It takes an architect like Andre Fu to transform a two-word brief of “calm” and “comfort,” into the pristine The Upper House in Hong Kong. Just three years after graduating with a Master’s Degree in Architecture from Cambridge University and with only three staff members, Fu was given the hotel assignment in 2009 that would catapult him to fame and begin his lifelong mission to redefine traditional conceptions of luxury and hospitality.
Occupying levels 38-49 of a tower in Hong Kong, The Upper House was designed to take guests on an upward journey from the hurried streets of the city to a tranquil refuge. Upon arrival, guests check themselves in with iPads and are greeted by a long, ascending escalator. Eventually they land at their ultimate destination- the guest room, not unlike a small apartment, which has been strategically designed with their needs in mind. Out of the 117 rooms in the hotel, the smallest checks in at 730 square feet; the equivalent of approximately two standard hotel rooms in Hong Kong. With over 300 pieces of artwork, the use of natural bamboo materials and lacquer accents, Fu has crafted a simple yet elegant hotel environment that feels uniquely oriental while still remaining distinctly international.
Fu’s multi-cultural palate and experiential approach to design are inspired by his experience growing up between Hong Kong and England. Motivated by the surrounding environment rather than aesthetic, Fu’s designs are driven by the narrative of a place. With thoughtful consideration of movement in a space, his objective is to create designs that incite emotions in the guest. Rather than conventional notions of luxury that are overly formal and impersonal, he strives for a relaxed luxury that translates to pure indulgence in the moment. In a time where technology has seemed to manifest a preference for the instantaneous, Fu appreciates that quality design takes persistence and purposely seeks materials that will evoke a sense of timelessness.
Fu tends to avoid designing to fit an image. It is this genuine commitment to the experience of a space that has resulted in such distinct, immersive projects for the young architect. Projects like the Pop-up apartment that he constructed for Louis Vuitton in Hong Kong, or the library, salon and bar he designed at the Chateau La Coste; a winery set against the Luberon Mountains in France.
We caught up with Fu to discuss his how he created experience through The Upper House Hong Kong, as well as some of the inspirations behind his creative practice.
What first drew you to become an architect?
I have always been fascinated by the impact of space on one’s behavior and the way spatial design provokes an emotional dimension.
How does your personal background influence your design ideas?
I was born in Hong Kong but spent over 14 years in the United Kingdom for my higher education. My exposure to both cultures has empowered me with an appreciation of different lifestyles.
Tell us about The Upper House and your experience designing this luxury hotel.
The Upper House was conceived as a small intimate hotel reminiscent of a private residence. There is an understated sense of luxury throughout the design. The hotel is perceived by many as a place that evokes a new level of modern Asian sensibility. It is inspired by the notion of an upward poetic journey. The hotel is set within the hub of Hong Kong’s buzzing backdrop and the concept is for the guests to embark on a journey into a world of tranquility.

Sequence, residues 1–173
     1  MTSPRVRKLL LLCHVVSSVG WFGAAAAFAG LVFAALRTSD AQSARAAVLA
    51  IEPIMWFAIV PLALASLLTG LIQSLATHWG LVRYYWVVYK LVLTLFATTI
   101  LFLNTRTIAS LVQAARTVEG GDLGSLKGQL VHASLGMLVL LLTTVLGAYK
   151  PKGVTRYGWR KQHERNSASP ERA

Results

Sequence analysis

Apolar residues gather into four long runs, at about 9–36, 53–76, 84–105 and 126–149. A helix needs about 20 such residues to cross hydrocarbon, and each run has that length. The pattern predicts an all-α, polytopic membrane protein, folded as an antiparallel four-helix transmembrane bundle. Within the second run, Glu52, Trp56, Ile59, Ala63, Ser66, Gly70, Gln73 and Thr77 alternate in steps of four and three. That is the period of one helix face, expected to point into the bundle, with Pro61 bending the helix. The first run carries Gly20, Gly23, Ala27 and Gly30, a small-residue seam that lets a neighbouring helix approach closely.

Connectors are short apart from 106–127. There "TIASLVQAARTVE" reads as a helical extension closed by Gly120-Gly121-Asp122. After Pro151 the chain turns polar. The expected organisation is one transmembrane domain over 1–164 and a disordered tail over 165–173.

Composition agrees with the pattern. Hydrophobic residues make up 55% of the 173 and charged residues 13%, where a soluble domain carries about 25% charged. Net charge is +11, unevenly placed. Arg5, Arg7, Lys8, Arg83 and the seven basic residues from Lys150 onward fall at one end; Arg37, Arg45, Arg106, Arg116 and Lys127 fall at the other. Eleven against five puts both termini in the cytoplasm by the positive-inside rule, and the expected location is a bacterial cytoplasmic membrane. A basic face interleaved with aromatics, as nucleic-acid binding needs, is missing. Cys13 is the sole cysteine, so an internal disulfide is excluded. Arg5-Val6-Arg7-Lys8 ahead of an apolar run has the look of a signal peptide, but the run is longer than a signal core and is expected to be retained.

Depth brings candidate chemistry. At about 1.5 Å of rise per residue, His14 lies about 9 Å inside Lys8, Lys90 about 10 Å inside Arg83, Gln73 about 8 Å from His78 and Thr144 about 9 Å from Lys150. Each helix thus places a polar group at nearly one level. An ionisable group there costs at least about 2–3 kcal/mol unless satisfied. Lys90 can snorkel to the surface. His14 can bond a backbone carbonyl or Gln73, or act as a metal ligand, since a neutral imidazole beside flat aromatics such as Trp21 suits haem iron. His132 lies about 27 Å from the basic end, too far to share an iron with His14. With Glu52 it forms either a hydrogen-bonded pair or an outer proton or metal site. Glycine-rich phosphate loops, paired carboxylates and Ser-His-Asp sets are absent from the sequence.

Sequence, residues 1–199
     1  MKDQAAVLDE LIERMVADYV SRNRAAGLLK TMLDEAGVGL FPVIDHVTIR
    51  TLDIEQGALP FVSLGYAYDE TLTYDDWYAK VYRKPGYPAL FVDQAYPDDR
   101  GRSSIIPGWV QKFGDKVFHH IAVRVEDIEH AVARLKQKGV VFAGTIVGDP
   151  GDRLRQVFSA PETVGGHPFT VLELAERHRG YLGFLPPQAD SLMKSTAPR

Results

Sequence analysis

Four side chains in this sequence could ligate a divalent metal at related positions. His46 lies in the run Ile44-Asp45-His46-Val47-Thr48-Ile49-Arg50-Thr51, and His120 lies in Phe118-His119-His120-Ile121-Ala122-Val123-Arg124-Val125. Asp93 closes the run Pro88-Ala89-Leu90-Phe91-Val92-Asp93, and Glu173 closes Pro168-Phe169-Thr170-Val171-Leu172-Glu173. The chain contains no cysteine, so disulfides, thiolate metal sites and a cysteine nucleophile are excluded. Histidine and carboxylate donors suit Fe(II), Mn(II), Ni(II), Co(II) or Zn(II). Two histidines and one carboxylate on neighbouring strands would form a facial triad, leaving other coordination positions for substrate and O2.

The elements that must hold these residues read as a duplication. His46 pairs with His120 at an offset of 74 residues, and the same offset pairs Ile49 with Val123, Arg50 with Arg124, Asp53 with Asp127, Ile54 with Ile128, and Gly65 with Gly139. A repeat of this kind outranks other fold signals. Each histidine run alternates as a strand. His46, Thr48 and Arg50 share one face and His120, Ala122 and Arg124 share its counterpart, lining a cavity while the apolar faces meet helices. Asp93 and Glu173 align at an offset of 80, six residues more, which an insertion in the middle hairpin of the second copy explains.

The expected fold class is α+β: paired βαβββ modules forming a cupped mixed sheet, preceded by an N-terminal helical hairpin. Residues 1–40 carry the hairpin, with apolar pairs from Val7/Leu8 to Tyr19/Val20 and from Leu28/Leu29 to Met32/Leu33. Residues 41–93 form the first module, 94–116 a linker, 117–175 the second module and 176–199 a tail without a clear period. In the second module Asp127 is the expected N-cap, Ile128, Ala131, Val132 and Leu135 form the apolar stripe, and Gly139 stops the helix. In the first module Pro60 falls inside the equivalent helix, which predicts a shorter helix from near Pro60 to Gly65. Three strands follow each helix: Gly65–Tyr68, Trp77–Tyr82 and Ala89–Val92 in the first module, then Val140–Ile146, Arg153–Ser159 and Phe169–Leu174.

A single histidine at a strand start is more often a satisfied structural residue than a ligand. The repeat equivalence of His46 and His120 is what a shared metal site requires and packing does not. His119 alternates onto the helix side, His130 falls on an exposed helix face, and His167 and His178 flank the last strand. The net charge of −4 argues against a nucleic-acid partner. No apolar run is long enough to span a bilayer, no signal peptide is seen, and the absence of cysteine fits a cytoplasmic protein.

What inspires your material choices?
There is a strong use of timber–bamboo and oak–as well as honed limestone in the hotel. We also introduced anodized bronze to evoke a quality of depth in the materials. Palette-wise, there is use of green tea, mauve purple and mineral blue.
Previously you’ve said, “It’s very easy to create designs that are purely driven on aesthetics. But good design actually communicates experiences.” How do you strategically elevate your work beyond aesthetics to communicate an experience?
Design for me is a very organic process – it is like creating a collage out of fragmented elements. In some ways, creating a hospitality experience evokes the notion of creating a journey–a journey that is made up of many layers, be it the restaurants or the room experience. I guess as a designer, my role is to curate each layer to make them sing, yet when viewed as a whole, they evoke a strong design narrative.
What has been your most memorable experience as a hotel guest?
I appreciate thoughtfulness in design and in the context of our times, that is heavily driven by social media, I am particularly keen to create works that are about the experience, rather than a mere visual stunt.
Most of your projects have been in East Asia, are you interested in designing in other regions of the world? If so, where and how do you think that location would impact your aesthetic?
I am heavily inspired by the context of each location. Asia is heavily rooted in its cultural diversity and I find that to be genuinely fascinating in my conceptualization of each property. For example, I shall be unveiling a project in Singapore for the Andaz brand. The hotel will embrace the shop house spirit of its local neighborhood. We are also working on a brand-new hotel in Bangkok for the Waldorf Astoria brand that celebrates a modern Thai heritage.
How would you describe your own home?
A place of calm and rejuvenation.